I wish we lived across an alley from one another
with a clothesline strung between our windows.
I would pin poems to it,
and send them to you,
slid into plastic sleeves if it was raining,
plant cuttings in jars which I’ve tucked into socks,
a piece of cake in a small basket I bought for just such moments.
And some days there would nothing at all.
But even when the curtains are closed
the light is still lit.
Even when I’m quiet
I’m still speaking poetry
From a heart that beats stronger
Knowing you’re there.
How perfect that the second day of poetry month should be randomly represented by Emily Dickinson as the Hermit?
Today’s random card was pulled from Our Tarot by Sarah Shipman. This is honestly one of my favourite decks, not just because the cards are smaller than many of my other decks, which my tiny hands love, but because the book which comes with it is a wealth of historical information about the women featured on the cards, many of whom I knew nothing about before getting this deck.
At the end of each entry, the meaning of the card is tied in seamlessly with the addition of questions to ponder when considering the card and the situation it might apply to. The questions which accompany the Hermit card are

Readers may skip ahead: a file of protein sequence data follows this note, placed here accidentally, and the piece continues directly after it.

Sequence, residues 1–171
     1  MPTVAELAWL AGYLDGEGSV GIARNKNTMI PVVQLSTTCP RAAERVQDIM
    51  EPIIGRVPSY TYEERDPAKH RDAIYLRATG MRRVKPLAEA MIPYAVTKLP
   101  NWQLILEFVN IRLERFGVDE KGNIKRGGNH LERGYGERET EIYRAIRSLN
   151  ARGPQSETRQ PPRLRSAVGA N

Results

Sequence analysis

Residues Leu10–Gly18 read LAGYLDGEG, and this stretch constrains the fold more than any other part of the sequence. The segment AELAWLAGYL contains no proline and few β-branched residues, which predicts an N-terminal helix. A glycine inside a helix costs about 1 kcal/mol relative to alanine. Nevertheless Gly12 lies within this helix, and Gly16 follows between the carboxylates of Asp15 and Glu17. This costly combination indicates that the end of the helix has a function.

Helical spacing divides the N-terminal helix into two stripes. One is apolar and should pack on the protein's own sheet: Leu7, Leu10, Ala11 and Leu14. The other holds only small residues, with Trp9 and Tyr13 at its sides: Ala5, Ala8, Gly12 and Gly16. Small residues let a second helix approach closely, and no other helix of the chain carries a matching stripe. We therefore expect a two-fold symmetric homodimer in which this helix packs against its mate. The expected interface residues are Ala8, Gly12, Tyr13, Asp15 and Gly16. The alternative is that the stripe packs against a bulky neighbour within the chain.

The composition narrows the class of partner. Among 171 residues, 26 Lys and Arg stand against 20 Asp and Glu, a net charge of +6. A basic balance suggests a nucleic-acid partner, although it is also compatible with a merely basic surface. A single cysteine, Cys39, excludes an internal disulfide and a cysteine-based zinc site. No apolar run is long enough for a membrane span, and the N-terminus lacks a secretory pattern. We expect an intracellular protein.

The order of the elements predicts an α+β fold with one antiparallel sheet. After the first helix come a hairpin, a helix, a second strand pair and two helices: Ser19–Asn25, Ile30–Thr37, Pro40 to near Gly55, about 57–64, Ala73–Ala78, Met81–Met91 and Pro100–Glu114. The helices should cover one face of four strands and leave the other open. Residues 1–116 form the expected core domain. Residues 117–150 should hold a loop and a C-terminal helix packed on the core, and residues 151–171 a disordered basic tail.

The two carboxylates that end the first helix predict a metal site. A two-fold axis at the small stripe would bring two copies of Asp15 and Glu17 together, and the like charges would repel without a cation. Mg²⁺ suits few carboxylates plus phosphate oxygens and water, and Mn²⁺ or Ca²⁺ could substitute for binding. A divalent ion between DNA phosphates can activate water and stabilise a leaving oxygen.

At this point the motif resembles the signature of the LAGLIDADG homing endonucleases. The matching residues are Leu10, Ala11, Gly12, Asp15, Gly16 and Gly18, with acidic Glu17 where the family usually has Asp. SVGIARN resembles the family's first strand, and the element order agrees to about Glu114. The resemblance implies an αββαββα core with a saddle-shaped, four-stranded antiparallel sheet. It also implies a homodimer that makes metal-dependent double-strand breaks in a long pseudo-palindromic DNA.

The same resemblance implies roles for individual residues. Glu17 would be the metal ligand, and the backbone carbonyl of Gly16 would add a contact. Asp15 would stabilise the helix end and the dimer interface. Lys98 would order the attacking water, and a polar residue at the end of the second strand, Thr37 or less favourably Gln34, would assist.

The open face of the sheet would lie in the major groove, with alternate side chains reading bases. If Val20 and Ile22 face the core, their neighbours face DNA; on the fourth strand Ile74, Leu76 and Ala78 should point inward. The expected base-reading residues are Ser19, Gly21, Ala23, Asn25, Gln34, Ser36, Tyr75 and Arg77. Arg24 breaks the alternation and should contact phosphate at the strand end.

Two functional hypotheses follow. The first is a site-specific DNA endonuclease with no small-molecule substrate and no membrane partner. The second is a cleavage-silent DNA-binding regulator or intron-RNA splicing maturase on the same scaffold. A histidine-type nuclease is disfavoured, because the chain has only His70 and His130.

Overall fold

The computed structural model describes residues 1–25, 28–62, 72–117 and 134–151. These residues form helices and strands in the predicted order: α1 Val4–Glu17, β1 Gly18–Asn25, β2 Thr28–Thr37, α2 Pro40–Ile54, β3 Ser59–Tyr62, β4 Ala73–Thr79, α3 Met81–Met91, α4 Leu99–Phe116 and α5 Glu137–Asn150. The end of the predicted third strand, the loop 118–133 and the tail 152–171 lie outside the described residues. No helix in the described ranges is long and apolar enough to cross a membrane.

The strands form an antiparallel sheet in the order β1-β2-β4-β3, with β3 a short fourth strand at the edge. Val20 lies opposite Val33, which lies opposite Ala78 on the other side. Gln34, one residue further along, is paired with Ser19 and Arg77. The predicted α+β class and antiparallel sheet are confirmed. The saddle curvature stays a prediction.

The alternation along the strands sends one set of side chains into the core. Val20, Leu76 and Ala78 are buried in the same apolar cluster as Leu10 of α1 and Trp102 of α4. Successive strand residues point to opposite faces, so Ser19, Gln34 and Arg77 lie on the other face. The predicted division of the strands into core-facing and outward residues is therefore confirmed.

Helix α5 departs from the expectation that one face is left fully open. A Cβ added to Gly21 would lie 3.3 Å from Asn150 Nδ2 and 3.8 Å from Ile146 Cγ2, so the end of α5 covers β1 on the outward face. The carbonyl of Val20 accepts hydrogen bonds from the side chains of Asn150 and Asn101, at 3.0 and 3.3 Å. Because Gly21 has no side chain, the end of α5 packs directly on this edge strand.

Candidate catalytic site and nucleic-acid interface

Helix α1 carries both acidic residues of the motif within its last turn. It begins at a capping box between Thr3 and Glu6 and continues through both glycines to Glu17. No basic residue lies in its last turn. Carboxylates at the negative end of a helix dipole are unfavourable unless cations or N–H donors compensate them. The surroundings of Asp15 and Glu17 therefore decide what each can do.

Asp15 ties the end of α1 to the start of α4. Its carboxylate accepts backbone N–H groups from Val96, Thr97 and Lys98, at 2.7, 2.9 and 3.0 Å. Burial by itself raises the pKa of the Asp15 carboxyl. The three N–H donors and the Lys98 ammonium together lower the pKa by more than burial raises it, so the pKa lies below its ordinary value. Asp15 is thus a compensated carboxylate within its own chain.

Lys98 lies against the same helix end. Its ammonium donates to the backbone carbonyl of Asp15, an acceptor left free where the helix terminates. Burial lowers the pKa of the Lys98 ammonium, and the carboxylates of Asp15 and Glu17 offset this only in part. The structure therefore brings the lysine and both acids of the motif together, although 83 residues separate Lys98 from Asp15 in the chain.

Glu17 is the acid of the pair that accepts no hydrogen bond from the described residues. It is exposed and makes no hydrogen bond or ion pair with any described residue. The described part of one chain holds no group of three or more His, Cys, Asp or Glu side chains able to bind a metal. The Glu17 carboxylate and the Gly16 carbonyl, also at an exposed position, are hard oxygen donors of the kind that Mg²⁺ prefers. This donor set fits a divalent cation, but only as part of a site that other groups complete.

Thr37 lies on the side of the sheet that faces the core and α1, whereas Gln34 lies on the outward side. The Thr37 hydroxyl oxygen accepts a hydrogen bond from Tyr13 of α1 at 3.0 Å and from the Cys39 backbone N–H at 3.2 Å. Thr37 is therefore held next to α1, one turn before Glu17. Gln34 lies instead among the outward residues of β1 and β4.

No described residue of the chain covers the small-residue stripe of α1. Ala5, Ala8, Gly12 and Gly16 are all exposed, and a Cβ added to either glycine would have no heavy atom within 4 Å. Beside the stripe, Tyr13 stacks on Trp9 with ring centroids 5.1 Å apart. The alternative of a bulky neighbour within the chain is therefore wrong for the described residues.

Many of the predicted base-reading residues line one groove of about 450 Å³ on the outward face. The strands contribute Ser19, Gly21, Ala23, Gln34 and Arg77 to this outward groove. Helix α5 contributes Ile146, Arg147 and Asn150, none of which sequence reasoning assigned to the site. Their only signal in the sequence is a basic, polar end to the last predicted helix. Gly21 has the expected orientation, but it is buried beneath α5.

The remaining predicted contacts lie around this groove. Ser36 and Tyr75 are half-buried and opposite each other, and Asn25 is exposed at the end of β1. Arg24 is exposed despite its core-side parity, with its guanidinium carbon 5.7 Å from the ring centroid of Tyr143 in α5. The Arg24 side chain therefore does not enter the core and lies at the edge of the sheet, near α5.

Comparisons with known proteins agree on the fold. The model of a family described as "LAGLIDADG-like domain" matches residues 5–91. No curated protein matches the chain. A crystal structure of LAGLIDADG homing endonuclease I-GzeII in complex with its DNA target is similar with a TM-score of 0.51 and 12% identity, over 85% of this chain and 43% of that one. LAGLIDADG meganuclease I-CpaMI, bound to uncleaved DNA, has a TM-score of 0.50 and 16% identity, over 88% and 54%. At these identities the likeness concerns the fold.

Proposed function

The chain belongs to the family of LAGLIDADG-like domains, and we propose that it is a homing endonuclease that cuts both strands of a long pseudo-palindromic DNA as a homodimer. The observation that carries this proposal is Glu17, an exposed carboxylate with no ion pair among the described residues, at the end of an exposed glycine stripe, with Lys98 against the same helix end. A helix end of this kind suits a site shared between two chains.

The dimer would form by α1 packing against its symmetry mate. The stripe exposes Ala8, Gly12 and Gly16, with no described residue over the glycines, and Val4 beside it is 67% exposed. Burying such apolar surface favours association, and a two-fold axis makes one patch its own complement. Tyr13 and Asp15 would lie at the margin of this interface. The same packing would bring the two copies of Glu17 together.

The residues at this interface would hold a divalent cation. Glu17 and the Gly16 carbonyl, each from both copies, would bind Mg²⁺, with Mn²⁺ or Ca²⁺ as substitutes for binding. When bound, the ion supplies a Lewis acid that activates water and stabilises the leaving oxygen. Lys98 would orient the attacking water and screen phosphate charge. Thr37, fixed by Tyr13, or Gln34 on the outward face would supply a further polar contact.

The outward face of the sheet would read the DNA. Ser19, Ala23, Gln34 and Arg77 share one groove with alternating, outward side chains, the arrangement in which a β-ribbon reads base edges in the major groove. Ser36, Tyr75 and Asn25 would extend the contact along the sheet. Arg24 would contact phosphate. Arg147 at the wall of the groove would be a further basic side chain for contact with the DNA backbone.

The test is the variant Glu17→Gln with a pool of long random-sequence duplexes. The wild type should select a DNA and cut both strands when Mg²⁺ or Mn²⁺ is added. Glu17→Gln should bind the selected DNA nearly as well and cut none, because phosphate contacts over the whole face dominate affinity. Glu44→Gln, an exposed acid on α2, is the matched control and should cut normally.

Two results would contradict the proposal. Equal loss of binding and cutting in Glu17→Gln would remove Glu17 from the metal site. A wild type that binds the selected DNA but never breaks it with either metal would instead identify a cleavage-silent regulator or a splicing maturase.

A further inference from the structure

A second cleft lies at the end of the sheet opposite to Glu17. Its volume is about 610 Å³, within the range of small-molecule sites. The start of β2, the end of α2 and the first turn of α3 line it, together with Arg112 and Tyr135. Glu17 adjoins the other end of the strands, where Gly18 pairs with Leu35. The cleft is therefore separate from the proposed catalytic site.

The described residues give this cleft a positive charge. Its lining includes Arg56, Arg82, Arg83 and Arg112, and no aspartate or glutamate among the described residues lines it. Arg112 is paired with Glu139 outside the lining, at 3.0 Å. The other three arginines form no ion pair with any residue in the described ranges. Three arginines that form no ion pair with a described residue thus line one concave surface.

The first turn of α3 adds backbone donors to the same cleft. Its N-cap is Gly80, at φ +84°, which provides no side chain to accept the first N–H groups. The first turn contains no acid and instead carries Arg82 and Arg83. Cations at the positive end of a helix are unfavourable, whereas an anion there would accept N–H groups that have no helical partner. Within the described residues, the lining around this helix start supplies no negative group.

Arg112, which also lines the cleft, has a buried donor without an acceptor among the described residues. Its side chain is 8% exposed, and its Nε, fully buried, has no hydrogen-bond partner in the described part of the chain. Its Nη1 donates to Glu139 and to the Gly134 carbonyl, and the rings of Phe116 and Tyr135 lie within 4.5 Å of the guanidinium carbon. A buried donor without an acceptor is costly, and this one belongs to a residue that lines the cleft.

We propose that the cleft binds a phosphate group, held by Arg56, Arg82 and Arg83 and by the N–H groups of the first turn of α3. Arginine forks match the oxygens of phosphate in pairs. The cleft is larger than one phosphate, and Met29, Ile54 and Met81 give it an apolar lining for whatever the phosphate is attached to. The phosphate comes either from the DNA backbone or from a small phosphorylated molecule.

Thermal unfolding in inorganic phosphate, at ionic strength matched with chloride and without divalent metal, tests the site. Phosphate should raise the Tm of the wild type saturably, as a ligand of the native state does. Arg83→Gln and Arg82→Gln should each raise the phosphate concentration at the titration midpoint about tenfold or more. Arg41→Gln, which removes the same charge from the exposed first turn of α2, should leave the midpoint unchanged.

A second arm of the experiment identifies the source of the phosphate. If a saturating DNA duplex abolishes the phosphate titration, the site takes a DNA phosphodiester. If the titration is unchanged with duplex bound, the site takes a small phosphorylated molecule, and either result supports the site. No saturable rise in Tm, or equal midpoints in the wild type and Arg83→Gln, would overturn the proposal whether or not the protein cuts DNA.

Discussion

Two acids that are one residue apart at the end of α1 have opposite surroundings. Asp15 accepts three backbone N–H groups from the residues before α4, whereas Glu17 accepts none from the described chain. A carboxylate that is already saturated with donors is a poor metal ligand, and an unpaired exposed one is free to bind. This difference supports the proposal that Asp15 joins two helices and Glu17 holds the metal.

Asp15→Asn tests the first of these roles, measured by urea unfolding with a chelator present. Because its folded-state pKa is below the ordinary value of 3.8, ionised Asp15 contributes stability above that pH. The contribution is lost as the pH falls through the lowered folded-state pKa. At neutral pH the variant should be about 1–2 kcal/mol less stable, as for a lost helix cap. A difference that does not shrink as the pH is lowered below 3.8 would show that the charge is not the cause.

How can you be content in your solitude?
What benefits do you enjoy when you spend time alone?
What knowledge works within you, waiting to be quietly expressed?
I really love the Hermit card, not just because I’m an introvert who would rather stay home and never wear pants.
The Hermit speaks to me of someone who has stopped being afraid of quiet. Who has been in the world and experienced the noise and the brouhaha, and recognizes that sometimes the best place to hear more clearly is away from it. Someone who has chosen to turn their gaze inward and delve into themselves to find answers, sometimes to questions they hadn’t known needed any.
It could perhaps be seen as the difference between spending time *by* yourself, and spending time *with* yourself.
Who are you when there is no one else to see?